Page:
For the manager there is another question: What are the risks of Argentina following Venezuela in an economic abyss? “The answer here is more nuanced. Argentina has a long history of political errors. Macri achieved good things, but all his efforts were ruined by his gradual approach and monetary policy errors of late 2017 and early 2018. In fact, we believe that the new administration will have no choice but to continue with Macri's policies. However, the problem is that they will try to avoid the most unpopular (for example, labor reform and a strict monetary policy), placing the country on the same wrong path again, the one that failed miserably before,” they say from Vontobel. Luc D´hooge and Thierry Larose explain that investors are waiting for some clarity about Fernández's economic policies and bet that he adopt a pragmatic stance since “power spreads pragmatism”.
The past weighs and Fernandez is surrounded by a sea of mistrust
Markets are discounting with a 78% probability that Argentina fails to comply with its debt obligations with a Peronist government, Schroders says in a long report.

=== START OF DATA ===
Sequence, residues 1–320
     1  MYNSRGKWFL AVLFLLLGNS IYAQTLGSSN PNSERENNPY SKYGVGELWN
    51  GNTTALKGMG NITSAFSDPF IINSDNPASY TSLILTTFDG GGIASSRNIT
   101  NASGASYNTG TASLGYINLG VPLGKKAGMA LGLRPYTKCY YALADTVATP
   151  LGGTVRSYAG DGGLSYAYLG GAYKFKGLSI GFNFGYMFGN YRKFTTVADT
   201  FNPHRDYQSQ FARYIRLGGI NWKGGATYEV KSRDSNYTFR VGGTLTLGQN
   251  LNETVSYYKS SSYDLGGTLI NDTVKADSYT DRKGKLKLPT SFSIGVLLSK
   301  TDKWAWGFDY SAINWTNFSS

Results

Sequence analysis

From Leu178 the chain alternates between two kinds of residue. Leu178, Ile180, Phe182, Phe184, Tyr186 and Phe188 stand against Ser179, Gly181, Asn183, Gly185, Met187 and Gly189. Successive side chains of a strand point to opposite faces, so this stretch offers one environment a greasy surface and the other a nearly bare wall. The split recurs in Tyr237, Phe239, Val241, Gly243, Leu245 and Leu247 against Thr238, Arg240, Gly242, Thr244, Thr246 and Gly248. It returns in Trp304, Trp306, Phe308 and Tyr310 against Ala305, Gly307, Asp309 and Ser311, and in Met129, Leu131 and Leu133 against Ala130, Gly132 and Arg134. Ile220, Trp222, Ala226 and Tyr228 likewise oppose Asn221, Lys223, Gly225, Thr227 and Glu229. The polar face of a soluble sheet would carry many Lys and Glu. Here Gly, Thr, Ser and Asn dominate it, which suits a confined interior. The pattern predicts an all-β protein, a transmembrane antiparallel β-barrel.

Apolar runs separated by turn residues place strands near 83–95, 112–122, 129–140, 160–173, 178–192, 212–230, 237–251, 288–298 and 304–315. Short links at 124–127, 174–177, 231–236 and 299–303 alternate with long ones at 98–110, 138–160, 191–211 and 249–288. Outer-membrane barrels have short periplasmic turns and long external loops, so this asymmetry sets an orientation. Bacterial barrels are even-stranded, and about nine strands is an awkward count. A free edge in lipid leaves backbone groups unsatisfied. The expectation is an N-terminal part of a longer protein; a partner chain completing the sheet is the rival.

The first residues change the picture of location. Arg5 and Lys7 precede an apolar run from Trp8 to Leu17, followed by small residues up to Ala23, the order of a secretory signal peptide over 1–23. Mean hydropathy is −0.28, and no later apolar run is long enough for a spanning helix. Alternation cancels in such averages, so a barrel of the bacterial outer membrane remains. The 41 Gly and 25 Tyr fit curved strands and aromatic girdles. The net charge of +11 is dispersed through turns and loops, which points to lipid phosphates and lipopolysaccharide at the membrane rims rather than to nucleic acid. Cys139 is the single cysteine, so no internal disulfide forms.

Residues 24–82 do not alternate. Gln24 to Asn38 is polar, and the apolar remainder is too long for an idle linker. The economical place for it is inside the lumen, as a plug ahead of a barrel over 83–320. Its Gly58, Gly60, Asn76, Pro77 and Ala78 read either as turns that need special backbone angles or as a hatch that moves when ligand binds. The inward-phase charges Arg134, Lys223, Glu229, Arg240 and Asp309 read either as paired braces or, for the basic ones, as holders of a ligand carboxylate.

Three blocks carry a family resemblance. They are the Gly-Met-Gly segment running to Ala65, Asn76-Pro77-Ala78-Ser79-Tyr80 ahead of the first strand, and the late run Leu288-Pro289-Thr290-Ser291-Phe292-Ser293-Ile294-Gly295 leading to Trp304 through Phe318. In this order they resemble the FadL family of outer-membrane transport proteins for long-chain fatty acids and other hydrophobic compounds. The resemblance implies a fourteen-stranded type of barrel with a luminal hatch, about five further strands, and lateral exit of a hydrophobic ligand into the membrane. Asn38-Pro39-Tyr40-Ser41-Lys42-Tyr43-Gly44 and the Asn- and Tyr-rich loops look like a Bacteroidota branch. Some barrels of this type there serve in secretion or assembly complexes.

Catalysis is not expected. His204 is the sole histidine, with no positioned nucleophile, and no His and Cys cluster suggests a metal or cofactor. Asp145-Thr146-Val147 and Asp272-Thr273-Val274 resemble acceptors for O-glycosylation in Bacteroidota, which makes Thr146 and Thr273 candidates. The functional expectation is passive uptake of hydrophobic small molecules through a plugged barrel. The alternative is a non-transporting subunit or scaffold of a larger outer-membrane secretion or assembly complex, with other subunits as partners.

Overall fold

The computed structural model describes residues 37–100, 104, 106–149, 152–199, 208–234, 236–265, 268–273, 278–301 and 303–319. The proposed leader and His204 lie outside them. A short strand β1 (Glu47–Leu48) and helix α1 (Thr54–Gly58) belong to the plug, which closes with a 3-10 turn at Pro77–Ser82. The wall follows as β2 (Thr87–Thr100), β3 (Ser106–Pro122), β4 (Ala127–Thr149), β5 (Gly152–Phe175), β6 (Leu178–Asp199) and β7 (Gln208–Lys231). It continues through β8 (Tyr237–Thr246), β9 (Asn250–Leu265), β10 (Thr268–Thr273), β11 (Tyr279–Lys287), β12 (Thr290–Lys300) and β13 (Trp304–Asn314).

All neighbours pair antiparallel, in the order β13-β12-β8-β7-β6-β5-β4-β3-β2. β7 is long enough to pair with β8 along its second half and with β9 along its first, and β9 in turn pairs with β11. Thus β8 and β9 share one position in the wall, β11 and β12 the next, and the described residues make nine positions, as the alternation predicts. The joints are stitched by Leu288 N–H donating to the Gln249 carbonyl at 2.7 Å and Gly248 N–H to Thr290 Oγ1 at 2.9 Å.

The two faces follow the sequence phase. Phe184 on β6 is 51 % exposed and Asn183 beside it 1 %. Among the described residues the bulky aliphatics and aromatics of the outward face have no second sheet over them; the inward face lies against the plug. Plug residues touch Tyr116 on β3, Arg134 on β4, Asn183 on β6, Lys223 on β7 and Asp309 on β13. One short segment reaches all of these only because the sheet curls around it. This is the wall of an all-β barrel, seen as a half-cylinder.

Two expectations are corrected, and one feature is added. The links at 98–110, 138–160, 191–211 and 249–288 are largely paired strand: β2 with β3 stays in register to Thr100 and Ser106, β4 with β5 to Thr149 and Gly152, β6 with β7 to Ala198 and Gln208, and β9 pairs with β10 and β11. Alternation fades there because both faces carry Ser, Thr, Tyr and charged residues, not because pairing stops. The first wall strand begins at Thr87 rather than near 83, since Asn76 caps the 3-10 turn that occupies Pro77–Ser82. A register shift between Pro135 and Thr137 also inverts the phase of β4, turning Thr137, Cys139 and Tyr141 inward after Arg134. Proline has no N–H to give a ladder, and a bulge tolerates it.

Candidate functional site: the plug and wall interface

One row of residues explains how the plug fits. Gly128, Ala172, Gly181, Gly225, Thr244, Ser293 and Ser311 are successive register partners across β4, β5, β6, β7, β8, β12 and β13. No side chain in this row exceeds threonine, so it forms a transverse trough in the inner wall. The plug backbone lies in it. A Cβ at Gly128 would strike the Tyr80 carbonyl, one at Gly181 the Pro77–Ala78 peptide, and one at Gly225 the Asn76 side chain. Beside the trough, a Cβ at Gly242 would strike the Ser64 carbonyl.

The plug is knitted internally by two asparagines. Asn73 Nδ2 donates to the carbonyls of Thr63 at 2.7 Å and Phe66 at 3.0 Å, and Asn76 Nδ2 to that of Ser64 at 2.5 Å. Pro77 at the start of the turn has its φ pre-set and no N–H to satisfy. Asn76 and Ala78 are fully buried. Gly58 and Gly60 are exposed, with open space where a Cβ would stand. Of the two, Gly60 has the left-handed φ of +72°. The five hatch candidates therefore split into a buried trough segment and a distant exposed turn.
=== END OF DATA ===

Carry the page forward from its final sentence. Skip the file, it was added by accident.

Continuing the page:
Pablo Riveroll, director of Latin American equities, said that “if Alberto Fernández is elected, as we expect now, the continuation of political orthodoxy is a significant risk. Although Fernández's economic plan is still unclear, his popularity is driven primarily by his formula partner, former President Cristina Fernández de Kirchner. Kirchner has been very critical of the agreement with the IMF, the elimination of capital controls and increases in energy tariffs, as well as having several accusations of corruption against him. Alberto Fernández himself also made radical comments during the campaign, including the reestablishment of capital controls and the relaunching of growth through the easing of fiscal and monetary policy. If he tones down these views in the coming months is an open question.”